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    Liberating Artisans One Barrel at a Time: Freestate Cooperage

    Have you ever been ready for growth but external factors limited your ability to reach your goals? This is the piece of the supply chain puzzle that Alice Blayne-Allard identified as a problem area as our craft spirits industry continues to boom. Freestate Cooperage is the only #madeinMaryland cooperage, creating heritage new white oak barrels for Mid-Atlantic made spirits. Fun fact: Alice is also the 2nd woman-owned cooperage owner in the entire United States. Tune into this live TED-Style talk to learn more about this fascinating part of the food business supply chain.

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    From Foodservice to Fridge: The Soom Story

    Three sisters out of Philadelphia — Jackie, Shelby, and Amy Zitelman — started Soom Foods. Their goal? To make tahini a staple in American pantries. But to start, they began with chefs. Who are your early adopters and how can those customers become your biggest brand advocates? How do you know when to diversify your sales channels? Tune into this episode of The Tidbit to learn the Soom story with CEO, Shelby Zitelman.

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    3 Tips on Increasing Your Social Capital

    We talk a lot about access to financial capital when starting a business - who has capital, how can you pitch to get more capital, what can you do to prove you’re worth capital, etc. What we don't talk enough about is access to social capital. In today’s era, one could plainly state that it is the sum of people you surround yourself with. But… what if you weren’t born into a particular sphere of people? What if you just don’t know how to expand your circle of connection? Tune into this episode of The Tidbit to find out three tips on how-to increase your social capital.

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    Government's Role in Food Procurement: Baltimore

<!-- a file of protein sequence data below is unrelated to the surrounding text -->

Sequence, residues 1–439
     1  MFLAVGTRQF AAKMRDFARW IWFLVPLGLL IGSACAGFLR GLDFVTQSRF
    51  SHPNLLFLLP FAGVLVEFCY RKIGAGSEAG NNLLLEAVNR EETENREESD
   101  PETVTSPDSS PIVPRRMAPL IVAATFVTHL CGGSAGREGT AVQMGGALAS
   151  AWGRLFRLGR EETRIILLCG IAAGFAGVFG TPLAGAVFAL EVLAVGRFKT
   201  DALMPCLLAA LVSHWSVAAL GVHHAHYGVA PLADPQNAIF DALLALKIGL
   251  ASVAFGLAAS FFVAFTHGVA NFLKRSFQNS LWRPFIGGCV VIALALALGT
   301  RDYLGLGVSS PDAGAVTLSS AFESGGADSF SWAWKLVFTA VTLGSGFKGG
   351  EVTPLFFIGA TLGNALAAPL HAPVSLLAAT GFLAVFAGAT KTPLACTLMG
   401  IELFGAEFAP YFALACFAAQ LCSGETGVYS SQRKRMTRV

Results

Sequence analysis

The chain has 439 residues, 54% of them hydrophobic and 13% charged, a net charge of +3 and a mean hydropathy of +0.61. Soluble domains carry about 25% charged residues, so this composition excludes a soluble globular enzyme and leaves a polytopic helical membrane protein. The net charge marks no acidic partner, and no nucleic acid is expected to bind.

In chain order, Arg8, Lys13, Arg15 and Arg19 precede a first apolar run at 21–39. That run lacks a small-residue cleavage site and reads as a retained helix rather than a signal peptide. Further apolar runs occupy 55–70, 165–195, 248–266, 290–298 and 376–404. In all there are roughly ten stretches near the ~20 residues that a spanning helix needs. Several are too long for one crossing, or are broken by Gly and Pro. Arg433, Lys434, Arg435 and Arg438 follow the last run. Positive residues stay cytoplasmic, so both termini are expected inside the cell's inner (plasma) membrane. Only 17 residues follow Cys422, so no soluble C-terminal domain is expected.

We're live on-site at the Chesapeake Food Summit where we're learning about innovation in food systems change throughout this region. One of the biggest areas of opportunity to effectuate change is through procurement - hello, local sourcing! We sit down with Baltimore Food Policy Director, Holly Freishtat, to talk about government's role in sourcing food and how contracts can be written (and broken!) to better align with our values.

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    Building 30+ Years of Service: Occasions Caterers

    In 1986, Occasions Caterers started in a tiny apartment kitchen with just a few printed business cards and a small van. They gradually built a team of executives, chefs, captains and waiters who were also committed to the Co-Founders’ vision (fun fact: the Co-Founders are also twin brothers!). Fast forward thirty years later and Occasions has indeed grown but the focus remains the same: a boutique approach to full-service catering with a focus on custom menus, creative décor, expert planning and gracious service. We sit down with Co-Founder and Creative Director, Eric Michael, and VP of Business Development, Matt Sipala to ask the questions: from a catering/event perspective, what does the "everything local" movement mean in terms of new business opportunities for local small businesses? How can small businesses ensure they’re on the radar of companies like Occasions? ...and much more! Tune in to find out their tidbits of knowledge on running a business for over 30 years.

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    Food and Experience Design

    Food is a multi-sensory experience, but typically served in a semi-standard setting - or at least in a setting one is used to experiencing food. What if you took a part each piece of that sensory experience and created a new way of consuming, a new way of looking at food or beverage by getting hyper-focused on one of your senses? We're joined today by Kelly Bryden, Art Director for the Rosé Mansion in New York City and the upcoming Museum of Pizza. As you to listen to our conversation, think: how can I be intentional and thoughtful with the ways in which I am creating my brand’s food or beverage experience AND are there ways we can focus on an aspect of our product to create a memory beyond just taste, convenience, and price point. Holiday season is right around the corner - and it’s the time when people have disposable income to spend and are looking for experiential gifts. Turn your creativity into a profit.